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Overriding is an object-oriented programming feature that enables a child class to provide different implementation for a method that is already defined and/or implemented in its parent class or one of its parent classes. The overriden method in the child class should have the same name, signature, and parameters as the one in its parent class.
Overriding enables handling different data types through a uniform interface. Hence, a generic method could be defined in the parent class, while each child class provides its specific implementation for this method.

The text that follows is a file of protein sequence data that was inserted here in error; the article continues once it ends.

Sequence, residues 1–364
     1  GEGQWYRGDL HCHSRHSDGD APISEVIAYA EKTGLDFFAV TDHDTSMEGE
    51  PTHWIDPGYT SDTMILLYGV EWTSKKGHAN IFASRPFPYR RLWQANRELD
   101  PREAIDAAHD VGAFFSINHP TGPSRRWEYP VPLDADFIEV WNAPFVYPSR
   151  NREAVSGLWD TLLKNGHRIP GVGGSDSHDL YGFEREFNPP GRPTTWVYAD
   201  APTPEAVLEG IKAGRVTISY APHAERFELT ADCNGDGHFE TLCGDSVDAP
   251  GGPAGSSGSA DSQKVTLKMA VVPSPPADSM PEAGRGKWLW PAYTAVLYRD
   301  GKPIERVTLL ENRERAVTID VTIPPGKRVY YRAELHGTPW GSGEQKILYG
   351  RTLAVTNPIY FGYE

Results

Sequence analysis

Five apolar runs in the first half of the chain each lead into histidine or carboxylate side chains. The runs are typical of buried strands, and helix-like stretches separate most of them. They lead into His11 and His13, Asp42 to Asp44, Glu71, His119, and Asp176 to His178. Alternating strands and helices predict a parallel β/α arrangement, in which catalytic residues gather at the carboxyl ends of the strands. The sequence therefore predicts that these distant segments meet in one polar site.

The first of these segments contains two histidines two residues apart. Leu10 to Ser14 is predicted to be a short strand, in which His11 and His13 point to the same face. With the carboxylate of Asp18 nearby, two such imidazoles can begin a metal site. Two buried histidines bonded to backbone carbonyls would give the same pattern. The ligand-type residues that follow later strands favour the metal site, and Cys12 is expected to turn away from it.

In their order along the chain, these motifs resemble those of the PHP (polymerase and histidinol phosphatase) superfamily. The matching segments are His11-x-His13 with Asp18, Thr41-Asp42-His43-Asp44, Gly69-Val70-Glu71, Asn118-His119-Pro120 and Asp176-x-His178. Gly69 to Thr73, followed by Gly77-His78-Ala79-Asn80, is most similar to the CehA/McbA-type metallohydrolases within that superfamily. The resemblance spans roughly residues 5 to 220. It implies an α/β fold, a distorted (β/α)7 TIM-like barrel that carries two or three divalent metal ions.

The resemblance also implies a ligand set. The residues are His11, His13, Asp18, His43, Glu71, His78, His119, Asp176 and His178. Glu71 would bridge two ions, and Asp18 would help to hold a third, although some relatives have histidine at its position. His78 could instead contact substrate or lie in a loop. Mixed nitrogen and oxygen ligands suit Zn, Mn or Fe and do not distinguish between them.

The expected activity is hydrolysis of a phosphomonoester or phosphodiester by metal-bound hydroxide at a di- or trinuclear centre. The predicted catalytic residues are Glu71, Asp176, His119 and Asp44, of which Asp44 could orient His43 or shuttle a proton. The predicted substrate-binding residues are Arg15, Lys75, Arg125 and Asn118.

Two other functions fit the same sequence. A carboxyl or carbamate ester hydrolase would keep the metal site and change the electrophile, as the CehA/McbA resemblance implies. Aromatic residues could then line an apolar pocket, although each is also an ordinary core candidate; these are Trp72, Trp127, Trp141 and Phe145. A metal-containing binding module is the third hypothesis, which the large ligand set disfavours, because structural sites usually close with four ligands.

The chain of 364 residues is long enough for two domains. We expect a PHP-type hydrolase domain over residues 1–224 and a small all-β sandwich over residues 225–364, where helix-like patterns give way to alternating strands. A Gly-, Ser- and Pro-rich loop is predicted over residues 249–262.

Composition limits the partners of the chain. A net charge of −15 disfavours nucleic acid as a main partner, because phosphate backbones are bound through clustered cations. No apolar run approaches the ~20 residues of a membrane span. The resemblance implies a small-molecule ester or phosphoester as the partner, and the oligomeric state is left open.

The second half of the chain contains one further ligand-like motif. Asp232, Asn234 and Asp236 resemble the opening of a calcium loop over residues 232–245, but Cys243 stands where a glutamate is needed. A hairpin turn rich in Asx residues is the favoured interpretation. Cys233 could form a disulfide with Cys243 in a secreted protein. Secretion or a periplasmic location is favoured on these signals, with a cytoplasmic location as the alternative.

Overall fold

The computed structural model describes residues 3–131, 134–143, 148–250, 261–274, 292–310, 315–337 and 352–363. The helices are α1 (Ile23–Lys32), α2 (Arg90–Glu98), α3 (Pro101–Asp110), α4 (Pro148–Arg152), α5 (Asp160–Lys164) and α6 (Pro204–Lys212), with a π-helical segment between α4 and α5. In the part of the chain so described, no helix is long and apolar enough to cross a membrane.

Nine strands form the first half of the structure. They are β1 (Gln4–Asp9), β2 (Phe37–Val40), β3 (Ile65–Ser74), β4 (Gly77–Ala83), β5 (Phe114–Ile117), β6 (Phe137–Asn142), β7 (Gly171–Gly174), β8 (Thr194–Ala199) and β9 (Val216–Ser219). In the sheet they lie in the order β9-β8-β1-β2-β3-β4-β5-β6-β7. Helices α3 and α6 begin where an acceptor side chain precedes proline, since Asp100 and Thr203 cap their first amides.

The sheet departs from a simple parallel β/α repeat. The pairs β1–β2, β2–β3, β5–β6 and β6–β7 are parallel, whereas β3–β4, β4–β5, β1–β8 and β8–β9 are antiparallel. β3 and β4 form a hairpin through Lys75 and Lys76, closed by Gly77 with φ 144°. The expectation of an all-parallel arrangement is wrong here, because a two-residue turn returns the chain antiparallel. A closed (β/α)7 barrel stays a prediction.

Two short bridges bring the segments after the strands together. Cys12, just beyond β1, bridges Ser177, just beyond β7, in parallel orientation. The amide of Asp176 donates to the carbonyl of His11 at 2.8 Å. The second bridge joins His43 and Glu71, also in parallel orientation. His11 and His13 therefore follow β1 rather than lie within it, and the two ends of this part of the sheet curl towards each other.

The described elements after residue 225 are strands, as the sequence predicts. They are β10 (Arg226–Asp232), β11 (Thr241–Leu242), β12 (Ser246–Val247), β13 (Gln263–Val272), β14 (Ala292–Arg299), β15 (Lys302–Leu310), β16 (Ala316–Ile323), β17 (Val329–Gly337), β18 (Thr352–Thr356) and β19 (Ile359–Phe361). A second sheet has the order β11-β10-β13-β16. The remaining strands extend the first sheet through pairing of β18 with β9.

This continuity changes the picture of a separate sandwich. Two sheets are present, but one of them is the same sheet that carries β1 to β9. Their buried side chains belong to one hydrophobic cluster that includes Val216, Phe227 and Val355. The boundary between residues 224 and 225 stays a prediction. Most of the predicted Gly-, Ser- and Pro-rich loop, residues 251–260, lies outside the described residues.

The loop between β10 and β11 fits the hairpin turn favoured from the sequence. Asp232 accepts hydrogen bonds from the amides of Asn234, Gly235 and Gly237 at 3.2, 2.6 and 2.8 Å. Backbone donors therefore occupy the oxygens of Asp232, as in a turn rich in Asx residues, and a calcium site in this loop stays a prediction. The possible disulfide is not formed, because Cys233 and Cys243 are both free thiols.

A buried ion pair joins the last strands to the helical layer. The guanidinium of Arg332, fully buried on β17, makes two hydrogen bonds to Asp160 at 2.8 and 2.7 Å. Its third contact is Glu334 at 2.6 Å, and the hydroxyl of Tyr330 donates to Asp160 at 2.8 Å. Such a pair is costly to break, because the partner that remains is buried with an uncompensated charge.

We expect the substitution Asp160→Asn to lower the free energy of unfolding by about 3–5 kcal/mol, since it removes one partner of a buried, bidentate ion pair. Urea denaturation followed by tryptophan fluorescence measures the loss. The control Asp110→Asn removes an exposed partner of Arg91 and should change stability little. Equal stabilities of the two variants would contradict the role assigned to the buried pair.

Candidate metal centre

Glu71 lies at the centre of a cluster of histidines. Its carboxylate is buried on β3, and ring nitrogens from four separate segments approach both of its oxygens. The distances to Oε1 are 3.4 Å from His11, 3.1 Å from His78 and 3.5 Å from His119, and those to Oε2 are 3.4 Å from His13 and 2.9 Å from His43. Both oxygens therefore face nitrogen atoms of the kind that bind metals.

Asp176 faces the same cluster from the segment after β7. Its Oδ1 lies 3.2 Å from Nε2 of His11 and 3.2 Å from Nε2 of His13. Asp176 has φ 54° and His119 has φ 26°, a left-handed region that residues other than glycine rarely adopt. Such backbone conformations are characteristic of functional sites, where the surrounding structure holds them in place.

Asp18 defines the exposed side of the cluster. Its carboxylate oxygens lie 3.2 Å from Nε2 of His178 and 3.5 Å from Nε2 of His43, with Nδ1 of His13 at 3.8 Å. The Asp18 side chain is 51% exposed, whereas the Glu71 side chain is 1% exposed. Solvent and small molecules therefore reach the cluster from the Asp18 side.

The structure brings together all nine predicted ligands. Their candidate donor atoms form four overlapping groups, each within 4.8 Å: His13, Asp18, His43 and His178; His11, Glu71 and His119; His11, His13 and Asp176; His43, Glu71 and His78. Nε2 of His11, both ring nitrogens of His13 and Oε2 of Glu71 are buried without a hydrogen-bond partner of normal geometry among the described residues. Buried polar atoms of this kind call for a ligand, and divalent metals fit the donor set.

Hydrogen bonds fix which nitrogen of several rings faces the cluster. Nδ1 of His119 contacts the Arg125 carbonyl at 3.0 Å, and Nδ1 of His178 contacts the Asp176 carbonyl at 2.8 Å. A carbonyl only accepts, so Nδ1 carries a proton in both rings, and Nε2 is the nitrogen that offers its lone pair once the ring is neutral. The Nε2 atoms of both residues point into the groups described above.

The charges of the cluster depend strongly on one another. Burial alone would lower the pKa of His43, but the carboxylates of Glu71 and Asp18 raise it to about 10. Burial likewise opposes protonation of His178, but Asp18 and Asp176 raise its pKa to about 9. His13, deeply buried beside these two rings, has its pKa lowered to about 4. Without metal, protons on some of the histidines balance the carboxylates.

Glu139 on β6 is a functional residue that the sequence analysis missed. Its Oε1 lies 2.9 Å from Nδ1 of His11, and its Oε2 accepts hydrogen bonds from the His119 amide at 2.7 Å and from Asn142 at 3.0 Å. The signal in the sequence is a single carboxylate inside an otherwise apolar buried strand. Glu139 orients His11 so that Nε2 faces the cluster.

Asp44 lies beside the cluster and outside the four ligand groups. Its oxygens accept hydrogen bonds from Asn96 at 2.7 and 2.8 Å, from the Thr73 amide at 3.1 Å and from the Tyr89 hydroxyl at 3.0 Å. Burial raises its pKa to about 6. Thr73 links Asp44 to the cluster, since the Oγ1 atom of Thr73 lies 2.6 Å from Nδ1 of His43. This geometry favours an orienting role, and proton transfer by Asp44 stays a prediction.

The invoked method version is determined by the class object. If the child class object is used to invoke the method, then the child class version of the method is executed. If the parent class object is used to invoke the method, then the parent class version of the method is executed. The invoked method is determined at runtime, whereas in overloading, the invoked method is determined at compile time.
C++ and C# support overriding by explicitly using the keywords 'override' and 'virtual'. Java uses the 'super' keyword to invoke the superclass method. However, C++ does not have the super keyword and uses instead the base class name followed by the scope resolution operator (::).